Special thanks for this guest post to Carrie Kuratra at Cerritos Library in Cerritos, California.
The Cerritos Library was pleased to have been chosen to participate in the Youth Capture the Colorful Cosmos (YCCC) program. The incredible resources offered by the Smithsonian Institution allowed us to give local students a unique learning opportunity that combined science, art and creative fun.
We offered the program to two age groups: students ages 11 to 14 and 15 to 18. The students were thrilled to be able to request images from the telescopes. One boy said he took the class because he’s fascinated by astronomy and hopes to pursue a career in astrophysics. A teen girl said she was drawn to the YCCC class by her love of photography. She created exceptional imagery and added some poetry to her work.
In addition to students using the telescopes remotely and creating their own piece of cosmic art, the lighting specialist from the Cerritos Center for the Performing Arts presented a live theatrical lighting demonstration. Students were able to use the light mixing board and create their own hues. Since our workshop included two sessions, we taught the students how to make their own simple spectroscopes and they examined different light sources. They also requested images of the sun and then used our telescope with a solar filter to view the sun. They were able to compare what they saw with through the telescope with the images taken by the micro-observatory.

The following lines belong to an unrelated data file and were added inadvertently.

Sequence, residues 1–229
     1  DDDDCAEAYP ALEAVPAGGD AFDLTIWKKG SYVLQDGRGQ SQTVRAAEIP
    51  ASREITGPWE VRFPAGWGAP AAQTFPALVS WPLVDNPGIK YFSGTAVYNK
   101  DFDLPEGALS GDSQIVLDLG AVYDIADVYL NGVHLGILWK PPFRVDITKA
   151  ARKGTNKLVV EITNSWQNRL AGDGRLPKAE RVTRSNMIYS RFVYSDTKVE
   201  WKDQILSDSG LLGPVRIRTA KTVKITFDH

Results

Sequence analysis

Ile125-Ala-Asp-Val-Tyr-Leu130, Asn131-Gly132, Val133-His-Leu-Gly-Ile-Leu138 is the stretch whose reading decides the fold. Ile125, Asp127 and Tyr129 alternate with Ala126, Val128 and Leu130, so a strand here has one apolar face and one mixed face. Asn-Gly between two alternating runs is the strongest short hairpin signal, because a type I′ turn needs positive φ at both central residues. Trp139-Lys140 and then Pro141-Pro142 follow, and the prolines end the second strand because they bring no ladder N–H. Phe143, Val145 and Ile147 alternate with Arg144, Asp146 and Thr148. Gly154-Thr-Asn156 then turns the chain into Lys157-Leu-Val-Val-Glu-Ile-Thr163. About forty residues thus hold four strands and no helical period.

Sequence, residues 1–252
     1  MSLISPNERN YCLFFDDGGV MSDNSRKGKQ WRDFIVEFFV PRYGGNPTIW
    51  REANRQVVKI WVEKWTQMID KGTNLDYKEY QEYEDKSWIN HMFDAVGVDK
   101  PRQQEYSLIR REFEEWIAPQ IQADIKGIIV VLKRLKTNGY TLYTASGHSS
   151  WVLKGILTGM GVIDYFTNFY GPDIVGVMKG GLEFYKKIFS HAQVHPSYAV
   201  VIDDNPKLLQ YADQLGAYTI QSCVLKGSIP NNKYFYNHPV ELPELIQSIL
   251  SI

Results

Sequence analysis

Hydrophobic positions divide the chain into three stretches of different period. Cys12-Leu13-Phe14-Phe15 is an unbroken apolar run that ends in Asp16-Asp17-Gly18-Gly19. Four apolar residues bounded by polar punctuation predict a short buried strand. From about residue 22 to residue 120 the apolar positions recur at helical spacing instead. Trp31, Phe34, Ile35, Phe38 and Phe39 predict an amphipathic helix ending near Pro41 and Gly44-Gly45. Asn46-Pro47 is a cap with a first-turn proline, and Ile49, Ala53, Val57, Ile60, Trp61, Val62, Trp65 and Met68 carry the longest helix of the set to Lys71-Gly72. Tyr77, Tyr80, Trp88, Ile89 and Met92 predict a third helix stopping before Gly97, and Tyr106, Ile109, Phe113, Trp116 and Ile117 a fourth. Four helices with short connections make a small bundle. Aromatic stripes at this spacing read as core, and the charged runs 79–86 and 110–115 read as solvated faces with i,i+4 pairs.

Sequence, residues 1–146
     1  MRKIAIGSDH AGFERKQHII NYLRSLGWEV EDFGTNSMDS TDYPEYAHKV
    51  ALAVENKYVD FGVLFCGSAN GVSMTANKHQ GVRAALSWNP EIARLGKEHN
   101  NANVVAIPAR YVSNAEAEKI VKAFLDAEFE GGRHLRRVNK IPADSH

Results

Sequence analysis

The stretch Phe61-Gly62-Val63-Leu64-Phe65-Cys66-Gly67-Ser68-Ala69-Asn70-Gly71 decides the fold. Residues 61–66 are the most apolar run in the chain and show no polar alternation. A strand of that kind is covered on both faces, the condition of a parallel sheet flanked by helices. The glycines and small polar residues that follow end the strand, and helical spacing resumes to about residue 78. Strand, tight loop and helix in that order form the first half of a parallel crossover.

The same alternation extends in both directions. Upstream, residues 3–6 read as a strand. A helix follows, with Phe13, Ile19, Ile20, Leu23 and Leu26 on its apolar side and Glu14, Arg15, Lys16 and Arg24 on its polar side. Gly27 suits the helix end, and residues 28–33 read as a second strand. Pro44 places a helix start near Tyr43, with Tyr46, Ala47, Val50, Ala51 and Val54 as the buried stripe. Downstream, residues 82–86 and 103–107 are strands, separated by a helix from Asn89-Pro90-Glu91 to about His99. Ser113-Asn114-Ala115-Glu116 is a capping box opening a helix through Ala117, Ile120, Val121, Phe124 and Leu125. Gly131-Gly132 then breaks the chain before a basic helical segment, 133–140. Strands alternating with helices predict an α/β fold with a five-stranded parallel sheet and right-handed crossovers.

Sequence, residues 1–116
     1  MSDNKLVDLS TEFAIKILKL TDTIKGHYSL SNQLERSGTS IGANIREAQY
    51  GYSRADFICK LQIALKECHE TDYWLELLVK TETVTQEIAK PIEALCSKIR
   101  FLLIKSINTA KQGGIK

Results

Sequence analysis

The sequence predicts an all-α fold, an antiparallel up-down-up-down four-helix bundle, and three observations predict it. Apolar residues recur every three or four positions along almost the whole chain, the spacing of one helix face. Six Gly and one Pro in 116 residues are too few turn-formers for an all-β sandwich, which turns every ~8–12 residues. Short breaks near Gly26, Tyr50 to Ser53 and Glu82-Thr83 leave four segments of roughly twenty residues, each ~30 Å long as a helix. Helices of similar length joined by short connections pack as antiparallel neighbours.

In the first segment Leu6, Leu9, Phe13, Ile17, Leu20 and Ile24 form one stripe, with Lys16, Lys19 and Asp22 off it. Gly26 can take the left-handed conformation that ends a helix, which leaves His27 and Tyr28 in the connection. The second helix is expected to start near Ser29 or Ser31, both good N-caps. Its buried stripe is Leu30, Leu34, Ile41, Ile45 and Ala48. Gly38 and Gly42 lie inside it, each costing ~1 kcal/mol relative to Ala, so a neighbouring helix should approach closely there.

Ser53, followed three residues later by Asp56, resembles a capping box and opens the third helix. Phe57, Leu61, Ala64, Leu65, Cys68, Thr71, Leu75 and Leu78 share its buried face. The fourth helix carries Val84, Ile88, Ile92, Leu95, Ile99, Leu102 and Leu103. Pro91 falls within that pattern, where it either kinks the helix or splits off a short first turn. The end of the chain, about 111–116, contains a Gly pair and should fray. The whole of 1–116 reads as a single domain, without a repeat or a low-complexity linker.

Each student created several images and many were printed for an exhibit in the Cerritos Library. All participants were invited to a reception with the Cerritos City Council and had the opportunity to see their printed images on display at the library. The exhibit has been very well received and we have had several patrons ask about the program. Interestingly, many patrons have asked if a YCCC program for would be offered for adults.
We had 19 students sign up for the 11 to 14 age group with 10 that completed the two-day workshop. The program for students ages 15 to 18 years attracted only two participants. We reached out to surrounding high schools and to our own student volunteers in addition to publicizing the program through the City’s newsletter, cable television channel, library website, e-poster, print poster and flyer. Two of our teen participants said they felt that the time of year was difficult for students to participate in extracurricular activities. There was an SAT coming up and students were starting to work on college applications.
Overall the community’s response to YCCC has been extremely positive. The students greatly enjoyed the workshops and parents said they were glad their children had this learning experience. We are grateful to the Smithsonian Institution for supporting YCCC and look forward to presenting the program in an expanded, week-long summer camp in 2015.
Youth Capture the Colorful Cosmos (YCCC) turns science into art. Through hands-on exercises at Smithsonian Affiliates, students learn how to control the MicroObservatory robotic telescopes over the internet and take images of the universe. This blog series highlights moments from the workshops and student projects on display at Affiliate organizations. YCCC is funded by the Smithsonian Institution’s Youth Access Grants program awarded by the Office of the Assistant Secretary for Education and Access. The project is led by the Smithsonian Astrophysical Observatory, in partnership with Smithsonian Affiliations.